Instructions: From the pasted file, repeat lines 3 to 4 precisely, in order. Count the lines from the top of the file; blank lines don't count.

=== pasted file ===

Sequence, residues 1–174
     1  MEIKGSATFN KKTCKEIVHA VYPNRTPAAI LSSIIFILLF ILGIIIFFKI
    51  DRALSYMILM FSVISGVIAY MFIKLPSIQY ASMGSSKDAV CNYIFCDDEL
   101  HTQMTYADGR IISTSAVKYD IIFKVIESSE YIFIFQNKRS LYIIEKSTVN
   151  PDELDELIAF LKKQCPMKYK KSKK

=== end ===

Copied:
    51  DRALSYMILM FSVISGVIAY MFIKLPSIQY ASMGSSKDAV CNYIFCDDEL
   101  HTQMTYADGR IISTSAVKYD IIFKVIESSE YIFIFQNKRS LYIIEKSTVN